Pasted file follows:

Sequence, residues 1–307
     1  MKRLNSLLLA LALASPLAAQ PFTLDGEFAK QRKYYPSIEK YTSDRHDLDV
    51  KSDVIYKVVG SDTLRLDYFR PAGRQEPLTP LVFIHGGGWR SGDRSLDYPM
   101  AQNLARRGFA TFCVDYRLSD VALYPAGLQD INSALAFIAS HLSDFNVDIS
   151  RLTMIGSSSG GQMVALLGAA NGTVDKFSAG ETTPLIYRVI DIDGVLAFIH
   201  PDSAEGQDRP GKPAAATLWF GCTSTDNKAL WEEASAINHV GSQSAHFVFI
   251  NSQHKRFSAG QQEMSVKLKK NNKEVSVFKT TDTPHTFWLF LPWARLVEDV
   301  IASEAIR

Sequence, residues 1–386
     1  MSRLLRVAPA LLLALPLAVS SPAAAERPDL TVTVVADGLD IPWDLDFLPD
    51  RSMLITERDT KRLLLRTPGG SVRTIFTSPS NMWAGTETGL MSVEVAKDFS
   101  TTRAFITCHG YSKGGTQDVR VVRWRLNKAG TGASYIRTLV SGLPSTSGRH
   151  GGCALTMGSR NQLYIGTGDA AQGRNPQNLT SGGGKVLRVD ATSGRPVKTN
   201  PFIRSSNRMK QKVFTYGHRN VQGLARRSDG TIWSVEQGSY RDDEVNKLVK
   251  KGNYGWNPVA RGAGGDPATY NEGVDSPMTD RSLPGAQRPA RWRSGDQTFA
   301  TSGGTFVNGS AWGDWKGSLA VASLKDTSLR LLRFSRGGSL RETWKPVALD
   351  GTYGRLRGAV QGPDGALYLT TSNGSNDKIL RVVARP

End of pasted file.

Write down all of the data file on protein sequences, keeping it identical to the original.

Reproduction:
Sequence, residues 1–307
     1  MKRLNSLLLA LALASPLAAQ PFTLDGEFAK QRKYYPSIEK YTSDRHDLDV
    51  KSDVIYKVVG SDTLRLDYFR PAGRQEPLTP LVFIHGGGWR SGDRSLDYPM
   101  AQNLARRGFA TFCVDYRLSD VALYPAGLQD INSALAFIAS HLSDFNVDIS
   151  RLTMIGSSSG GQMVALLGAA NGTVDKFSAG ETTPLIYRVI DIDGVLAFIH
   201  PDSAEGQDRP GKPAAATLWF GCTSTDNKAL WEEASAINHV GSQSAHFVFI
   251  NSQHKRFSAG QQEMSVKLKK NNKEVSVFKT TDTPHTFWLF LPWARLVEDV
   301  IASEAIR

Sequence, residues 1–386
     1  MSRLLRVAPA LLLALPLAVS SPAAAERPDL TVTVVADGLD IPWDLDFLPD
    51  RSMLITERDT KRLLLRTPGG SVRTIFTSPS NMWAGTETGL MSVEVAKDFS
   101  TTRAFITCHG YSKGGTQDVR VVRWRLNKAG TGASYIRTLV SGLPSTSGRH
   151  GGCALTMGSR NQLYIGTGDA AQGRNPQNLT SGGGKVLRVD ATSGRPVKTN
   201  PFIRSSNRMK QKVFTYGHRN VQGLARRSDG TIWSVEQGSY RDDEVNKLVK
   251  KGNYGWNPVA RGAGGDPATY NEGVDSPMTD RSLPGAQRPA RWRSGDQTFA
   301  TSGGTFVNGS AWGDWKGSLA VASLKDTSLR LLRFSRGGSL RETWKPVALD
   351  GTYGRLRGAV QGPDGALYLT TSNGSNDKIL RVVARP